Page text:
CQD PV fabrication

All fabrication processes were carried out in the air. The ZnO nanoparticles were synthesized using a published method10. The ZnO solution was spin-cast onto ITO substrate at 4000 rpm for 25 s. Then, the halide-passivated PbS CQDs as light-absorbing layer were deposited onto the ZnO/ITO substrate by dropping the CQD ink (300 mg mL1) while the substrate is spinning at 800 rpm. Then, orthogonal CQD inks (20 mg mL1) were spin-cast to fabricate HTLs at 2500 rpm for 25 s. For the EDT-exchanged HTL, OA-capped CQDs (25 mg mL1) were spin-cast at 2500 rpm for 10 s, and soaked with a 0.01-vol.% EDT solution in ACN for 30 s, and then followed by three times of washing with ACN. Two EDT-exchanged layers were deposited to avoid direct contact between the light-absorbing layer and the top electrode due to numerous cracks in the EDT-exchanged layer. Finally, a 120-nm Au electrode was deposited by e-beam evaporation.

CQD PV characterization

The active area (0.049 cm2) was determined by placing an aperture between the devices and the AM 1.5 solar simulator (Sciencetech class A). The J–V characteristics were measured using a Keithley 2400 source meter under simulated AM 1.5 illumination and a nitrogen atmosphere. The light intensity was calibrated using a reference solar cell (Newport). The J–V curves of CQD PVs were scanned from 0.70 to +0.1 V at 0.02-V interval steps without wait time between voltage steps. During the CQD:perovskite 4T measurement, CQD devices were masked by 0.049 cm2 of aperture and placed behind the semitransparent perovskite front cell.

A monochromatic illumination (400-W Xe lamp) with appropriate cutoff filters was used as an excitation source. For EQE calibration, Newport 818-UV and Newport 838-IR photodetectors were used. The response was measured at short-circuit conditions with a Lakeshore preamplifier feeding into a Stanford Research 830 lock-in amplifier. HDR EQE was measured at the sensitivity of the preamplifier of 1 nA V1, ensuring the sufficient resolution of the EQEs at the IR region >1100 nm.

CQD photodetector characterization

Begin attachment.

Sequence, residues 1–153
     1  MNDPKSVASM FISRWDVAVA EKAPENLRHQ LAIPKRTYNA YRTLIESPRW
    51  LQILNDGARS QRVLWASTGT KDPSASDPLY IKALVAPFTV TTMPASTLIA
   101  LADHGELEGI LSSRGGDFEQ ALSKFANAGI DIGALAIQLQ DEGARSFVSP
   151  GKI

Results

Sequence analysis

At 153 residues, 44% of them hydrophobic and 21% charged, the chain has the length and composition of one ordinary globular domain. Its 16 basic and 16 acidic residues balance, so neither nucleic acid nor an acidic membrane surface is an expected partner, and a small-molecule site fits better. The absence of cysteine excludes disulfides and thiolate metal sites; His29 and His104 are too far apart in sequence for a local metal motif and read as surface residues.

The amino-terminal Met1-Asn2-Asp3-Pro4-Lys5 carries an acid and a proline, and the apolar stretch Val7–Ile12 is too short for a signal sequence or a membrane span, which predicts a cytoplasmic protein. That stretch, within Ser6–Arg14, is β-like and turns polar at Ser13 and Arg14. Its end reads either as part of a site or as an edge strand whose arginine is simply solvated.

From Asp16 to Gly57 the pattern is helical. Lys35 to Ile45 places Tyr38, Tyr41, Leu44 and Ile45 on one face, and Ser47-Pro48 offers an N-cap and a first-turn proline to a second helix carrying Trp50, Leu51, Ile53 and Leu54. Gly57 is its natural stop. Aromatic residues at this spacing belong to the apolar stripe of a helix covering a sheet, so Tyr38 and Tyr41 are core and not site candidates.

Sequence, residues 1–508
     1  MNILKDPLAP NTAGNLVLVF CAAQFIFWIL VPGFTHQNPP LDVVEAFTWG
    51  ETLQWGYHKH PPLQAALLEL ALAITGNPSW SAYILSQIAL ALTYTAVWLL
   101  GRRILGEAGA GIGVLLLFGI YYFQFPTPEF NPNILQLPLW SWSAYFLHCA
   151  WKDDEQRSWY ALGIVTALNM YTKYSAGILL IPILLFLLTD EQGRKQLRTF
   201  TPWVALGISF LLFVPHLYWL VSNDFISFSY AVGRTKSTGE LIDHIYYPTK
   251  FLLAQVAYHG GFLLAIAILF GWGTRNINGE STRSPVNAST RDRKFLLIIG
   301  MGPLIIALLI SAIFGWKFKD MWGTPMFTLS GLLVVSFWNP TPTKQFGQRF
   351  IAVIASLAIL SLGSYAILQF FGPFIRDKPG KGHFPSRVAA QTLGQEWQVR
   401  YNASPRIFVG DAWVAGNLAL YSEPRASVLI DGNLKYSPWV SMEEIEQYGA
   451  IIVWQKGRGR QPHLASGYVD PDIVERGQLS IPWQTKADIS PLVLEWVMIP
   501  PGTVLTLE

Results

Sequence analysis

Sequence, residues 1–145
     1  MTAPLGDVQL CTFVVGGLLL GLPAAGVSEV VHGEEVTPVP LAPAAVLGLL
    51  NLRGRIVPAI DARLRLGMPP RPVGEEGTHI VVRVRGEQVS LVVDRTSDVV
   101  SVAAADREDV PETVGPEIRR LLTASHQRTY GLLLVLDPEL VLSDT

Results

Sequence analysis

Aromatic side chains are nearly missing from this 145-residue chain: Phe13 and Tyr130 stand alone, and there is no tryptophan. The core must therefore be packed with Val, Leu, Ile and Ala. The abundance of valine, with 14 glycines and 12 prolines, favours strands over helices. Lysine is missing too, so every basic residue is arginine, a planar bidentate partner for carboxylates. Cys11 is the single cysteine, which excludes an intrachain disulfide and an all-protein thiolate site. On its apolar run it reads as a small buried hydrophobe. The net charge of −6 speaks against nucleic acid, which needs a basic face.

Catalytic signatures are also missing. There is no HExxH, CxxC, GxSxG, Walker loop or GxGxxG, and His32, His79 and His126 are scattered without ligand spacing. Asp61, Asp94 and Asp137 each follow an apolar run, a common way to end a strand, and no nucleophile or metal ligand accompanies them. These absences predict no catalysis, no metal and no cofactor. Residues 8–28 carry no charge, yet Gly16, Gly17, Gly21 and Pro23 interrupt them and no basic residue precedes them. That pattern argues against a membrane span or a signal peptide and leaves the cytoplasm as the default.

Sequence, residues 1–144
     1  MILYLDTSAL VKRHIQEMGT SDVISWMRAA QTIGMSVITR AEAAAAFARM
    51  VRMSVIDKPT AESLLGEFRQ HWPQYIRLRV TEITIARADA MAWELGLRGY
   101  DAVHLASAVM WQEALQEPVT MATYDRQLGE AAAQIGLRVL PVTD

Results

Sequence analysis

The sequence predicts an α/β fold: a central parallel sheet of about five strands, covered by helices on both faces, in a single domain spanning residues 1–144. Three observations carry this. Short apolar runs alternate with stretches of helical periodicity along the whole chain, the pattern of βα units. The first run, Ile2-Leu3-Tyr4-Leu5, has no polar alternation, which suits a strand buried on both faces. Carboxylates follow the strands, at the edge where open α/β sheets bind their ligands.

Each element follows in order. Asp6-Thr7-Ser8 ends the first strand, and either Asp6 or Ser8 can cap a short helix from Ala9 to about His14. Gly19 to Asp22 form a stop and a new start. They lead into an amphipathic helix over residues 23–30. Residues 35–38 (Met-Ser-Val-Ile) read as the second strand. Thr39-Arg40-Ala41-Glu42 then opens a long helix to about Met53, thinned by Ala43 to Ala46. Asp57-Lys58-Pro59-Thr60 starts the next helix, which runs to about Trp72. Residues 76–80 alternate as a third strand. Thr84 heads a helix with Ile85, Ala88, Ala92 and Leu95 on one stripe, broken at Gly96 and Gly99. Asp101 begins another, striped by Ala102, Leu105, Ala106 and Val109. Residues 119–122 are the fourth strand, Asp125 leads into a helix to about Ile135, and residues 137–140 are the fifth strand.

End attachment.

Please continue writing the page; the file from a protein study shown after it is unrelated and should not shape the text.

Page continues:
The average noise current was measured using multiple readings from a SR830 lock-in using its noise measurement system. The detector was connected with a low-noise SR570 preamplifier to the lock-in. The noise currents of photodetectors were measured at a frequency of 1 kHz under zero bias. For TPC measurement, femtosecond laser pulses (1030 nm, 5-kHz repetition rate) generated by a Yb:KGW laser (Pharos, Light Conversion), passed through an optical parametric amplifier (Orpheus, Light Conversion) selected for 600-nm wavelength. The signals were recorded using an oscilloscope with an input impedance of 50 Ω.

DFT calculations

DFT calculations were performed using the Quickstep module of the CP2K software36. Goedecker–Teter–Hutter pseudopotentials37 within the generalized gradient approximation with Perdew–Burker–Ernzerhoff exchange-correlation functional38, a 600 Ry real space grid cutoff, DFT-D3 empirical van der Waals corrections39, double-zeta plus polarization basis set optimized in molecules40 were used in all calculations. A quantum dot of ~1 nm in diameter in a (32 Å)3 unit cell was prepared starting from bulk PbS geometry, terminated by Pb and capped by ligands in the amount to exactly charge-balance the excess of cations. Four chlorobenzene molecules were inserted into available empty spaces in the ligand shell with Cl oriented both toward and away from the QD and then fully relaxed. Solvent interaction energy was calculated as an average over these four molecules.

Optical and morphological characterization

Steady-state and time-resolved PL measurements were carried out using a Horiba Fluorolog time-correlated single-photon counting setup, equipped with a photomultiplier tube detector. A monochromatized Xe lamp (λex = 650 nm) and a pulsed diode laser (λex = 723 nm) were used as excitation sources for steady-state and time-resolved PL, respectively. Optical absorption measurements were performed using a PerkinElmer Lambda 950 system. The film morphology was characterized using an Asylum Research Cypher AFM and a Hitachi SEM (SU8230).

UPS, XPS, and FTIR measurements

UPS measurement was carried out using a helium discharge source (HeI α, hv = 21.22 eV). UPS spectra were obtained at a 5-V bias relative to the spectrometer to efficiently collect low kinetic-energy electrons. XPS measurement was performed using a spectrometer (Thermo Scientific) and a monochromatic K-Alpha X-ray system, with a 75-eV pass energy, and an energy steps of 0.05 eV. FTIR spectra were observed using a spectrometer (Thermo Scientific iS50) in a spectral range of 400–4000 cm1 with ATR accessory.

Reporting summary

Further information on research design is available in the Nature Research Reporting Summary linked to this article.